Fear Street: 1978 (2021)


Okay, so I didn’t actually reread The Fear Street Saga as I suggested I might while talking about Fear Street: 1994, the first in this trilogy of horror. I’m going to try again this weekend, but I make no promises. It’s not like it really matters anyway, since these films are more inspired by the Fear Street series, as evidenced by Sarah Fier being a central character in the films who isn’t in the books. With that out of the way, I do have something positive to report: my expectations for Fear Street: 1978 were pretty low, and this movie sailed over them! It’s not perfect, but it’s better than most Friday the 13th films, so it gets thumbs up from me. Prepare for full spoilers this time, cause I want to talk about that ending twist.

Picking up right where 1994 left off, Deena and her brother Josh head to the house of C Berman (Ms. Gillian Jacobs) to find out how she survived an encounter with reanimated serial killers possessed by the spirit of Sarah Fier, so that the siblings can save Deena’s girlfriend, Sam. If you didn’t watch the previous film, there’s your summary. So this film is a flashback to the summer of 1978, where siblings Ziggy and Cindy Berman are attending a summer camp. You know, the kind with no adult, staffed exclusively by horny teenagers? Classic summer camps. This is the time when a maniac with an axe and a bag over his head murdered a bunch of kids, and it turns out that it was a guy named Tommy Slater, the boyfriend of Cindy. His name is Tommy? I see that Friday the 13th: The Final Chapter reference. And a bag over his head? Don’t think I don’t remember Jason’s look pre-hockey mask in Friday the 13th Part 2. Anyway, while Tommy goes from a super sweet guy to a silent killer of children, Cindy and her ex-friend Alice find out that the nurse of the camp (literally the only adult in sight) was the mother of a girl who also suddenly turned into a serial killer, and believed that if Sarah Fier’s severed hand could be returned to her body, her curse would be lifted. Deena and Sam found the body in 1994, and through some luck the hand is found in 1978. Cindy kills Tommy in order to save her little sister, but a giant beating heart hidden in a cave–I don’t know how better to describe it so this is getting tagged “eldritch abominations”–resurrects several past killers, Tommy included. Cindy and Ziggy are killed, but Ziggy manages to come back with the help of Nick Goode, future sheriff. Turns out the “C” in “C Berman” stands for “Christine,” which is Ziggy’s real name (more on that later). Using this new knowledge, in the present (of 1994) Deena reconnects Sarah Fier’s hand with her body, and then… she’s transported back to the year 1666, now in the body of Sarah Fier herself. To be continued in Fear Stret: 1666.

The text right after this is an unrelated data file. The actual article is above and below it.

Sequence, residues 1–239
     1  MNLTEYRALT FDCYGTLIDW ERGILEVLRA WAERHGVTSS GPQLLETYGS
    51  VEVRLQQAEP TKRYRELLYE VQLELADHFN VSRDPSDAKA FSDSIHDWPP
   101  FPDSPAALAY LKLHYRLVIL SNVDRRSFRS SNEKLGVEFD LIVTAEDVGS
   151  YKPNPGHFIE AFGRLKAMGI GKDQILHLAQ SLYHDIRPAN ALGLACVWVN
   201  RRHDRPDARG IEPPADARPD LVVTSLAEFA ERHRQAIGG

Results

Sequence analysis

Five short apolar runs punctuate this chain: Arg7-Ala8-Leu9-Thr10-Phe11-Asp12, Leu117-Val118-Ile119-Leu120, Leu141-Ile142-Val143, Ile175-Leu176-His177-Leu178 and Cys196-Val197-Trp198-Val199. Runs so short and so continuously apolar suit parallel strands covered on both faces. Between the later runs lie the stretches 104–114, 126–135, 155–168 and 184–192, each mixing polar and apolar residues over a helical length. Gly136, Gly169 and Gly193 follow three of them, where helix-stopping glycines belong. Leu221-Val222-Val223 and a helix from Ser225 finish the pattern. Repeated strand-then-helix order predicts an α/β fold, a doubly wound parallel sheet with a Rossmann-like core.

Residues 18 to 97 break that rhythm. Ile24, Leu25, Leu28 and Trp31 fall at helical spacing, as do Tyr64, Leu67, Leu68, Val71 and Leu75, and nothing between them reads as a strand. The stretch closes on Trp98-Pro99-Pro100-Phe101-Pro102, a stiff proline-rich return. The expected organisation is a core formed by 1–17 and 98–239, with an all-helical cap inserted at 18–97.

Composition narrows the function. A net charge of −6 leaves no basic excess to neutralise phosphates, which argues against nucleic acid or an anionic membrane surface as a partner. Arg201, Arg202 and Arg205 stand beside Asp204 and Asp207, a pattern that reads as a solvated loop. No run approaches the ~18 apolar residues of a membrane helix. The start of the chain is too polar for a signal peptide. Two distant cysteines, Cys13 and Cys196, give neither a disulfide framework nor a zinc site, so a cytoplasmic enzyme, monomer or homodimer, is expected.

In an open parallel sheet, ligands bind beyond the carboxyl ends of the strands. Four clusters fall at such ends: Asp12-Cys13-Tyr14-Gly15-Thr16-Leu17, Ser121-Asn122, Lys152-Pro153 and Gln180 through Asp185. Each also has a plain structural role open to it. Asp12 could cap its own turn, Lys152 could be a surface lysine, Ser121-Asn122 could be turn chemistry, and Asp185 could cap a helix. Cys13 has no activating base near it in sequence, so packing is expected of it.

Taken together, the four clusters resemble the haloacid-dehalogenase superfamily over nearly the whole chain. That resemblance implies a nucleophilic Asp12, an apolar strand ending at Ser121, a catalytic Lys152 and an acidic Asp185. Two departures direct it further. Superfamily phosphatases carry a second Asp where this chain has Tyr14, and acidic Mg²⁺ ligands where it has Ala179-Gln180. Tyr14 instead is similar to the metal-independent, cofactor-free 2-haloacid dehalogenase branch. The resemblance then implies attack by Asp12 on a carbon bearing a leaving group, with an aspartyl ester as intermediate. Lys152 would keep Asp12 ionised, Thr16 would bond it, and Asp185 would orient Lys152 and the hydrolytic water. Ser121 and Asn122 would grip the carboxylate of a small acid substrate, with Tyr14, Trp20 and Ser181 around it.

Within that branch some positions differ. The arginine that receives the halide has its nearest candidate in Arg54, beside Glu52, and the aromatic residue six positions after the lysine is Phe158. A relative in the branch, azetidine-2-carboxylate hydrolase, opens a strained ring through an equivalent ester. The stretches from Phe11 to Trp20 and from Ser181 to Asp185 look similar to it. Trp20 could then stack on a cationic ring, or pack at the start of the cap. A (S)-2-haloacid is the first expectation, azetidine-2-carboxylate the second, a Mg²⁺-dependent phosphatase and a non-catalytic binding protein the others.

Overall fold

What a twist, right? We spent all this time assuming that prim and proper Cindy Berman would survive, not her rebellious sister, Ziggy. And while there was a hint early on–in the present she has a dog named Major Tom, “Major Tom” being a famous song of David Bowie, and one of Bowie’s stage personas was as Ziggy Stardust–it’s a reference more for the older crowd. But it turns out to be a twist for Deena and Josh, too? “Wait, you’re Ziggy?” Josh asks, which makes absolutely no sense if you spend more than a moment thinking about it. C Berman told this entire story to people, presumably in the first person since she, you know, lived through it, but somehow never revealed which sister she actually was? It’s a line that’s supposed to back up what the audience is just now finding out, but it’s bad writing.

As for the rest of it, I liked it! The explicit supernatural horror elements really made it shine, especially that giant beating heart that makes you see ghosts if you touch it. This film also stands out among “camp slasher” movies in who gets killed: a lot of children. Sure, a few teens bite the dust as well, but most of the “camp slasher” stories take place before the kids show up, so the body count tends to come exclusively from teenagers and the odd adult. Now, I’m not saying that this movie is immediately better by killing children, but it was a minor twist in itself to subvert the idea that children in movies are generally death proof. But the supernatural elements come back in when we see the possessed killer step over a wounded Nick Goode to go after another target, because all the victims came from Shadyside while the Sunnyvale preppy kids seemingly all made it out intact. Sarah Fier’s curse really does target Shadysiders exclusively… assuming the curse is from Sarah at all.

I hinted at it a little bit in the Fear Street: 1994 post, but The Fear Street Saga books explain the origin of the curse that caused so many horrible things to happen on Fear Street, and it is tied directly to the Fier and Goode families. But again, I want to give Fear Street: 1666 a chance to tell its story before I chime in with how it happened in the books, because just going by memory there are already a bunch of elements that are widely different. And hey, maybe I’ll actually read those books this time! Don’t hold your breath on that, though.

Previous: Fear Street: 1994
Next: Fear Street: 1666

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2 thoughts on “Fear Street: 1978 (2021)

  1. Pingback: Fear Street: 1994 | Chwineka Watches

  2. Pingback: Fear Street: 1666 (2021) | Chwineka Watches

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